Denna information har sammanställts av IG, ett handelsnamn för IG Markets Limited. Utöver friskrivningen nedan innehåller materialet på denna sida inte ett fastställande av våra handelspriser, eller ett erbjudande om en transaktion i ett finansiellt instrument. IG accepterar inget ansvar för eventuella åtgärder som görs eller inte görs baserat på detta material eller för de följder detta kan få. Inga garantier ges för riktigheten eller fullständigheten av denna information. Någon person som agerar på informationen gör det således på egen risk. Materialet tar inte hänsyn till specifika placeringsmål, ekonomiska situationer och behov av någon specifik person som får ta del av detta. Det har inte upprättats i enlighet med rättsliga krav som ställs för att främja oberoende investeringsanalyser utan skall betraktas som marknadsföringsmaterial.
The highlight of the night was the November FOMC meeting minutes, although the impact into markets was merely an extension of the trends we had already been seeing going into the event. Reading through the headlines there are a number of aspects that we can take out.
Firstly, the view that “several members of the Fed are concerned about low inflation expectations” reinforces the notion that the Fed are looking closely at the markets pricing of inflation expectations, which have fallen about 16bp since late October. Consider that Janet Yellen spoke during Asian trade yesterday with the market focusing on her view around the decline in inflation expectations and re-iterating a desire to lift interest rates gradually as a consequence. If we look at US inflation-adjusted (or ‘real’) bond yields in either the 5- or 10-year treasuries we can see yields falling fairly sharply and this is presumably exactly what Janet Yellen wanted to see.
Keep yields low and further incentivise business investment given the use of the risk free rate in assessing the net present value (NPV) of future projects. Lower yields make projects seem more profitable.
It was interesting to hear that a “few participants judged that the prospect for significant tax cuts has risen recently” and the market is already sensing that with Donald Trump recently detailing he wants to give America a tax cut for Christmas. Tax cuts, not tax reform seemingly the view of Wall Street at this stage.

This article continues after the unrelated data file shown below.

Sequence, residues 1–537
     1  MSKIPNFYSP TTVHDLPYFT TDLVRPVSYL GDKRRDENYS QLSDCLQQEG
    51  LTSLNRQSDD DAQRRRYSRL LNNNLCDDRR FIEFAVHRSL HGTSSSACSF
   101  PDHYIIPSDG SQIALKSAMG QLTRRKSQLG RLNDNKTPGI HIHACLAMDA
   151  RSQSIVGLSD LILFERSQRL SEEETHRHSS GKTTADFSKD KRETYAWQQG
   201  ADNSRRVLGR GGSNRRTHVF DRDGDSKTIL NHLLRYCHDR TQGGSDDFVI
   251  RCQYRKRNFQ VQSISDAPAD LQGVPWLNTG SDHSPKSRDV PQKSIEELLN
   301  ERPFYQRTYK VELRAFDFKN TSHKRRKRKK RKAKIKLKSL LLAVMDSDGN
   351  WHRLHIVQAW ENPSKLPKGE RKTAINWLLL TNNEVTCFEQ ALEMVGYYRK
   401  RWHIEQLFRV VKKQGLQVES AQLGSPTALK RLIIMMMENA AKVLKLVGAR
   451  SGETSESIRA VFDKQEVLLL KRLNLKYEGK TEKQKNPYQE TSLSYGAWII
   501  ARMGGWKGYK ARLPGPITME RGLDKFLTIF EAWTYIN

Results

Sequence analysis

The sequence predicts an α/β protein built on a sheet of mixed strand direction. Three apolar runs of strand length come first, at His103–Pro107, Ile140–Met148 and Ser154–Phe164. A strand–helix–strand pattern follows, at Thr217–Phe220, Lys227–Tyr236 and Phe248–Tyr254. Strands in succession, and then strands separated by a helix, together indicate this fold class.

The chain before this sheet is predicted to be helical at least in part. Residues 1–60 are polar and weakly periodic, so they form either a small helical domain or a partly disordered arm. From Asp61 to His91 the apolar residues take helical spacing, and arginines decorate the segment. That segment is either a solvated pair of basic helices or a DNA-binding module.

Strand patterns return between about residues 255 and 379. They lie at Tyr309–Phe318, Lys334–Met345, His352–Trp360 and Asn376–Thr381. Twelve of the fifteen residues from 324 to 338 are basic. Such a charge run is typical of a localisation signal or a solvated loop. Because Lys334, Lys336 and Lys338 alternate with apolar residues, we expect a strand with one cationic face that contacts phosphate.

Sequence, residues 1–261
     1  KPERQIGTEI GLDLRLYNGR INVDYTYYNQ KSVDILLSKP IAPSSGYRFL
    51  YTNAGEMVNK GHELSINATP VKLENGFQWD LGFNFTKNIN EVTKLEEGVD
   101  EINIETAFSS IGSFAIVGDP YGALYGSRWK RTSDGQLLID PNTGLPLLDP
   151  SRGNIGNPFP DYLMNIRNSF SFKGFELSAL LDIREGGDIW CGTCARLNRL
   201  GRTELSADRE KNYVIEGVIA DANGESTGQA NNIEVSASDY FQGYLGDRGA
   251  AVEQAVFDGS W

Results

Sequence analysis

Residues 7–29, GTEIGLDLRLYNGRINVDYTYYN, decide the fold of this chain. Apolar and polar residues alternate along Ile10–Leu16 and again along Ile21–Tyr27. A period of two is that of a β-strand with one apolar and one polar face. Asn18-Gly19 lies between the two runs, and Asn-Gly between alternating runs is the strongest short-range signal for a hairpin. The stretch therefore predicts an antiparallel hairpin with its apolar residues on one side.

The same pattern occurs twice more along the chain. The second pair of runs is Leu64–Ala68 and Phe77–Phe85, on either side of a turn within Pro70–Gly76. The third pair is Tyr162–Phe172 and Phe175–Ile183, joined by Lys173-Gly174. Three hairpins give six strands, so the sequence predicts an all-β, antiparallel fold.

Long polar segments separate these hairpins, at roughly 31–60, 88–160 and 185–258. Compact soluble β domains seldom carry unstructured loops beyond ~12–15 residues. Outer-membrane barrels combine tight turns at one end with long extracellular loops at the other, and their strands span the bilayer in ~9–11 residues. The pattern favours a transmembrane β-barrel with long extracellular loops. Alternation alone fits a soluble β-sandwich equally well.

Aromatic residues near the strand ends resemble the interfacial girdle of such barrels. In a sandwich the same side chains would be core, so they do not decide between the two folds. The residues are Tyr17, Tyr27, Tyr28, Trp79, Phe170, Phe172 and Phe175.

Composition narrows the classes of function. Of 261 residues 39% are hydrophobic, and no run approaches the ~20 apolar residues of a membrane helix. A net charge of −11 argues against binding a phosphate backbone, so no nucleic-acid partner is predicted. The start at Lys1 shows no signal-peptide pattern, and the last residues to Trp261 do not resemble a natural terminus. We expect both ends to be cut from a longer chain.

We can slice and dice the narrative in far more depth, but the wash-up is the market has seen few reasons to alter its ‘a done deal’ approach to a December rate hike and we see little change in the pricing in the fed funds future (or US interest rate markets). We can see however, that short-term US Treasuries have had a strong day, with surprisingly strong volumes traded, also assisted by poor US durable and capital goods orders (-1.2% and 0.5% respectively), while a slight fall in the University of Michigan inflation expectations survey has also been noted.
The moves in US fixed income has seen the USD index lower by 0.7%, with the greenback falling against all G10 currencies, where USD/JPY has taken a bit of a hammering and lower by 1.1%. Technically, the pair looks set to close through the October lows of ¥111.65 and the USD bulls are going to needs to see price stabilise pretty quickly here as the trend here is firmly lower and short positions are preferred.
EUR/USD and NZD/USD have worked well too and while AUD/USD has lagged other G10 (currently gaining 0.3%), we have actually seen a decent rally through US trade, with price moving off $0.7555 and through $0.7600. Traders will be looking at better levels to sell this pair and I would be watching to see if market fades the pair into the 27 October low of $0.7625.
So with yields lower and the USD offered the commodity space has performed nicely. US crude has gained 2% and this has helped put a bid in the S&P 500 energy space (+0.6%), although looking at the chart of crude most of moves took place during Asia yesterday. The crude price is still up 0.5% since the yesterday’s ASX 200 close, so this needs to be priced into Aussie oil plays. Traders are managing positions and exposures ahead of next Thursdays OPEC meeting, but overnight we have also seen the weekly Department of Energy inventory report showing a draw of 1.83 million barrels of crude, which perhaps isn’t as big a draw as we had been expecting after yesterday’s API report.
We also heard that the US oil rig count had increased by nine rigs to 747, but again, this has failed to dampen sentiment. It’s also worth highlighting that there has been a focus on the narrowing spread between Brent and US crude, with the premium coming in by $1.64 through November.
Elsewhere spot iron ore played catch-up to strength in iron ore futures markets, putting on 4.3%, and in overnight trade we have seen Dalian iron ore futures up a further 3.2%, with steel and coking coal up 0.8% and 4.3% respectively. The S&P 500 materials sector is actually lower by 0.1%, although I see the Aussie materials sectors more in-line with the FTSE materials space, which closed up 0.5%. BHP, by way of example looks set to open 0.6% higher and Vale’s US-listing is 3.3% higher.
By way of index leads for Asia and while we have seen mixed moves in Europe (although the DAX fell 1.2%), it’s the S&P 500 that will always guide SPI futures and this index is flat on the day. Tech looks supported, which will happen when we see lower treasury yields but that shouldn’t influence the ASX 200 to any great degree.
That said, Aussie SPI futures are up six points at 6006, which (given the fair value involved) suggests we should see the ASX 200 opening just below 6000. Asia could impact sentiment as well, as it did yesterday, although the Nikkei 225 faces the headwind of a strong JPY and as things stand the Hang Seng and China CSI 300 look set for flat opens.